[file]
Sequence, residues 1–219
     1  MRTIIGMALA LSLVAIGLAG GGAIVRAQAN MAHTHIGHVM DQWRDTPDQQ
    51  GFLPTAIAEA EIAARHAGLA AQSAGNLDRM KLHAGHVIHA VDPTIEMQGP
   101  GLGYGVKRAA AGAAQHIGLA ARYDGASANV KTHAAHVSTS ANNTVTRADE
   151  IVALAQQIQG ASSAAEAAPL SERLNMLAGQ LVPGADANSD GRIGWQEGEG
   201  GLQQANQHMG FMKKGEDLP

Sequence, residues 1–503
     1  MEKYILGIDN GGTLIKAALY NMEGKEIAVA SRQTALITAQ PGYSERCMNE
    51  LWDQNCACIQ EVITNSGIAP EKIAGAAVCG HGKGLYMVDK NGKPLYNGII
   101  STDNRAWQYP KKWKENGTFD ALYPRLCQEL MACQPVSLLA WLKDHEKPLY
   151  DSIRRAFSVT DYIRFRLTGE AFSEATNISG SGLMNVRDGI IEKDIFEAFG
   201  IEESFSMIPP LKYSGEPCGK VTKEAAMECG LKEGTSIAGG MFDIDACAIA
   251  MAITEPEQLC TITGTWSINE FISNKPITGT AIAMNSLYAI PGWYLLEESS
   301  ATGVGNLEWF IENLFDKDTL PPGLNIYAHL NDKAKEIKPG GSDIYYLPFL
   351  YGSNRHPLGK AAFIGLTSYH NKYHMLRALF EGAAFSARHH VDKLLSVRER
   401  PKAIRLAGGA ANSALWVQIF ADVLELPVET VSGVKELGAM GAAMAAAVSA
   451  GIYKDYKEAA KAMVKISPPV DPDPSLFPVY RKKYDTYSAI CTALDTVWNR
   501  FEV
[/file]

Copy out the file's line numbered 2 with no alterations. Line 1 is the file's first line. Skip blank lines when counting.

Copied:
     1  MRTIIGMALA LSLVAIGLAG GGAIVRAQAN MAHTHIGHVM DQWRDTPDQQ